# Gradients of Straight Line Graphs

## Gradients of Straight Line Graphs Revision

**Gradients of Straight Line Graphs**

You will need to be able to work out how steep straights lines on an** x–y** graph are.

What a **gradient** specifically tells us is the rate of change of** y** with respect to** x.** This is usually denoted, for a straight line, as a constant **m**. The higher the value of m the “steeper” the line is. The closer to 0, m is, the shallower the slope.

**Gradients**

As the **gradient** is the** rate of change** of y with respect to x, if the gradient is m, then for every 1 unit that x increases, y will increase by m units.

If m is** negative**, that means that while x is increasing, y is decreasing (m=-1 pictured).

Gradients can also be **fractions**, so if the gradient of a line is \dfrac{2}{3}, then for every increase of 3 to x, y is increased by 2.

**Finding the Gradient – Graphically**

In order to find the gradient we must find the difference in y, denoted \Delta y, and the difference in x, denoted \Delta x. So, for gradient m:

m = \dfrac{\text{Difference in } y}{\text{Difference in } x}=\dfrac{\Delta y}{\Delta x}

There are two ways we need to be able to find \Delta y and \Delta x.

Firstly, **graphically**. The graph on the left shows how the differences can be interpreted. We can draw a right angled triangle that has the straight line as it’s hypotenuse. The width of this triangle is \Delta x , and it’s height is \Delta y.

So if each square in the graph is 1 unit by 1 unit, then \Delta y = 4 and \Delta x = 2. Which would give us a **gradient** of \dfrac{4}{2} = 2.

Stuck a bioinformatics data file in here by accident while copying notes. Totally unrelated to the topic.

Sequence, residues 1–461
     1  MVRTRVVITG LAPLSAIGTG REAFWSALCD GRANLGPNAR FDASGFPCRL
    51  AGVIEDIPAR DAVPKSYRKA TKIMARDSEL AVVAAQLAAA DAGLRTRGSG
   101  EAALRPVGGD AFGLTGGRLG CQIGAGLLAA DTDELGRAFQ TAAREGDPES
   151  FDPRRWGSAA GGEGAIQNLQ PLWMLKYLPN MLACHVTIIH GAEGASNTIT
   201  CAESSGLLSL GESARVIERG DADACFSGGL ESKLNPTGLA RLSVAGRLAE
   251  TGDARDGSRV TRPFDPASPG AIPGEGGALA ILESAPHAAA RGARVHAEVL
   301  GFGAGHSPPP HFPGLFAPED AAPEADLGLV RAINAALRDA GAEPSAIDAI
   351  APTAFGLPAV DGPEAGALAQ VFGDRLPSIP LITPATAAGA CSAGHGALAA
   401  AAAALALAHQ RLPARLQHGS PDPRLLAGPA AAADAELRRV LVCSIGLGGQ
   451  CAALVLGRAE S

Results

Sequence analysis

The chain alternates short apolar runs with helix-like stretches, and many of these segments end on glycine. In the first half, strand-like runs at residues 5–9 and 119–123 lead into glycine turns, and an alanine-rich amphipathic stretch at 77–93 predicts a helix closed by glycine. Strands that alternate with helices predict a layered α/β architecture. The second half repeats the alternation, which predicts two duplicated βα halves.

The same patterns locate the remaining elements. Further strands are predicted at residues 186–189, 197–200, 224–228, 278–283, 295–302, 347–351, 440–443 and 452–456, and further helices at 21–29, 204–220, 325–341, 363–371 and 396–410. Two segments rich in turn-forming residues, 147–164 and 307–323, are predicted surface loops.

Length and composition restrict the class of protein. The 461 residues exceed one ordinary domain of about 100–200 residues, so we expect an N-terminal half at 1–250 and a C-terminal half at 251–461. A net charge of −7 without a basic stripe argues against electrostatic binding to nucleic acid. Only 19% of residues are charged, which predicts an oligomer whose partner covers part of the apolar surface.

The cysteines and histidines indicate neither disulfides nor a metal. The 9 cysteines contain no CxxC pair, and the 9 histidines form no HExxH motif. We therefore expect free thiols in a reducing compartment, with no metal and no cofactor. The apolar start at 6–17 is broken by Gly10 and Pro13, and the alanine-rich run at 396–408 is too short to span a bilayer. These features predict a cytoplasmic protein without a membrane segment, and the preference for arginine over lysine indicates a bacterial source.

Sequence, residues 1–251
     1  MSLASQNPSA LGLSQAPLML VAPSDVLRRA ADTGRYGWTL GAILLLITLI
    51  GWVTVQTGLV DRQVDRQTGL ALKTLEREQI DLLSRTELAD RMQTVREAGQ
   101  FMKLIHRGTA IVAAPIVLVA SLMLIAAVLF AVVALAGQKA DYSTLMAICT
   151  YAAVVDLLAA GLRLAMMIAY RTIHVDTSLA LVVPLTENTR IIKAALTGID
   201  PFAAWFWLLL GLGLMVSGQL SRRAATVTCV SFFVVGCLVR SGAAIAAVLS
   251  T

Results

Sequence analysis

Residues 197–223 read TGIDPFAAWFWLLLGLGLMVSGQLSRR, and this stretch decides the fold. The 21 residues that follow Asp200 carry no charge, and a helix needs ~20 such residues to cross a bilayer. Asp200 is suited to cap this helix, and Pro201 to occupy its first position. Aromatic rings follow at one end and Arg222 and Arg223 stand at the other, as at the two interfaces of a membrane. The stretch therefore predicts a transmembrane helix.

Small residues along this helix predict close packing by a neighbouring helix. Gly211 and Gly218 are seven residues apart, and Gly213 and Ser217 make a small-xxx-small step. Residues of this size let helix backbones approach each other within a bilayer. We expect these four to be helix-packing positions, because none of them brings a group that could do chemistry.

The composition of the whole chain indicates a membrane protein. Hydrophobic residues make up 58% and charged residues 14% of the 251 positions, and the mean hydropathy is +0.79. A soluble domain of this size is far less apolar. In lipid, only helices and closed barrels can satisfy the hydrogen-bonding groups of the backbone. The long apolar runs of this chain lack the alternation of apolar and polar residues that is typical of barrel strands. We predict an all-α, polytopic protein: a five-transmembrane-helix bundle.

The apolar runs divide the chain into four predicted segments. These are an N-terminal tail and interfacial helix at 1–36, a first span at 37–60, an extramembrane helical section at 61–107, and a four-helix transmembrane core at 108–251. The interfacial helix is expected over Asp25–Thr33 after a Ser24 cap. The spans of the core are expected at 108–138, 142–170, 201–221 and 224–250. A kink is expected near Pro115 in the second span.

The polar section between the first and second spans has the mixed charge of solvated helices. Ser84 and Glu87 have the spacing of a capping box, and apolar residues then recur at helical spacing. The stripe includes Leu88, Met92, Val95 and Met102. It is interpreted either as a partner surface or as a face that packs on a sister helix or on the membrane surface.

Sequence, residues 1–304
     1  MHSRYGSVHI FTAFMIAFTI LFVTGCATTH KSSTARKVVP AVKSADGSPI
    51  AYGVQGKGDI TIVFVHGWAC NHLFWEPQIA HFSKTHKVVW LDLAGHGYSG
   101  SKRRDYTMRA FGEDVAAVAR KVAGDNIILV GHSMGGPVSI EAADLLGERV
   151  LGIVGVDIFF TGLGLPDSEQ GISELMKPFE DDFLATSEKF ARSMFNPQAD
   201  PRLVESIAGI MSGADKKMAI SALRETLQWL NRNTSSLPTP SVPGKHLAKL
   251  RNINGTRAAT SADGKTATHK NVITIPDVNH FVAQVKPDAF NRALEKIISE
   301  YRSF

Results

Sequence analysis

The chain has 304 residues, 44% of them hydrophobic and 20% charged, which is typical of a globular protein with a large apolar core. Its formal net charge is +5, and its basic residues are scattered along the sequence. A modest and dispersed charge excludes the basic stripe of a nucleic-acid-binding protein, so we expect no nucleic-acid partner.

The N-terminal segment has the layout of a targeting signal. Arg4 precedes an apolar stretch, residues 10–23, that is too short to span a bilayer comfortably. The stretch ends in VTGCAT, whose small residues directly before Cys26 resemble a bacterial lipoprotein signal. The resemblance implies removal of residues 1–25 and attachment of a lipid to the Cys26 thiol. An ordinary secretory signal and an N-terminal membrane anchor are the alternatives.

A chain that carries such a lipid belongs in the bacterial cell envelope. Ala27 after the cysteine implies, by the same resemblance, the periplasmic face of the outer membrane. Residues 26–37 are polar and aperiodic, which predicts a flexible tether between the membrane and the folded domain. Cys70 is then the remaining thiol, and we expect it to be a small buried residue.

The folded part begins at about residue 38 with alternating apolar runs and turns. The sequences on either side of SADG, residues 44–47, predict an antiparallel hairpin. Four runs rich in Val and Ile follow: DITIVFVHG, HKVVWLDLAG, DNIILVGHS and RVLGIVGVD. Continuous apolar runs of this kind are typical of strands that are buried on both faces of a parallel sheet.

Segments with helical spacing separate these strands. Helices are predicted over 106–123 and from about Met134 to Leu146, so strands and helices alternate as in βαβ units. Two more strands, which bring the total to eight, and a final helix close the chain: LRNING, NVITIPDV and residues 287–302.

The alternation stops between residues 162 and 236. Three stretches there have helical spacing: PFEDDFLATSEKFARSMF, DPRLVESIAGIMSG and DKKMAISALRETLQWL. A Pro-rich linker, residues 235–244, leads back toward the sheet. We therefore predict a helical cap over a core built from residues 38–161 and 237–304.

**Finding the Gradient – Given 2 Points**

The other way we must be able to find the **gradient** of a straight line is by having points with **coordinates**.

Between any two points in the x–y plane, we can draw a straight line that goes between them. So we can use the coordinates of those two points to find \Delta y and \Delta x, and as such, the **gradient**. So given two points on a straight line (x_1, y_1) and (x_2, y_2), then

\Delta y = y_2 - y_1

\Delta x = x_2 - x_1

and so for gradient m,

m = \dfrac{\Delta y}{\Delta x} = \dfrac{y_2-y_1}{x_2-x_1}.

**Example 1: Finding a Gradient Graphically **

Find the gradient of the red line.

**[2 marks]**

We can draw on our triangle, as shown by the dotted lines. The line passes through the points (1,3) and (4,5) so we can draw our triangle there.

We can count the units and see the triangle is 3 units wide and 2 units tall. This gives us

\Delta y = 2

\Delta x = 3

So the gradient, m is

m = \dfrac{\Delta y}{\Delta x} = \dfrac{2}{3}.

**Example 2: Finding a Gradient from Coordinates**

A straight line passes through the points (1,1) and (0, 13).

Find the gradient to this straight line.

**[2 marks]**

We shall first find

\Delta y = 13 - 1 = 12

\Delta x= 0 - 1 = -1.

So the gradient m is

m = \dfrac{\Delta y}{\Delta x}= \dfrac{12}{-1} = -12.

## Gradients of Straight Line Graphs Example Questions

**Question 1:** Given the following graph:

What is the gradient of the red line?

**[2 marks]**

Drawing a triangle from two points on the line, we can see

which gives us

\Delta y = 2

\Delta x = -1

So,

m=\dfrac{2}{-1}=-2

**Question 2:** Given the following graph:

What is the gradient of the red line?

**[2 marks]**

Drawing a triangle from two points on the line, we can see

which gives us

\Delta y = 4

\Delta x = 0.4

So,

m=\dfrac{4}{0.4}=10

**Question 3: **Give the gradient for the straight line that passes through the points (1,3.5) and (10,71)

**[2 marks]**

We know

m=\dfrac{\Delta y}{\Delta x}

So we must find \Delta y and \Delta x

\Delta y = 71-3.5= 67.5

\Delta x = 10-1=9

So

m=\dfrac{67.5}{9}=\dfrac{15}{2} = 7.5

**Question 4: **Give the gradient for the straight line that passes through the points (16,2) and (32,1)

**[2 marks]**

We know

m=\dfrac{\Delta y}{\Delta x}

So we must find \Delta y and \Delta x

\Delta y = 1-2= -1

\Delta x = 32-16=16

So

m=-\dfrac{1}{16}.

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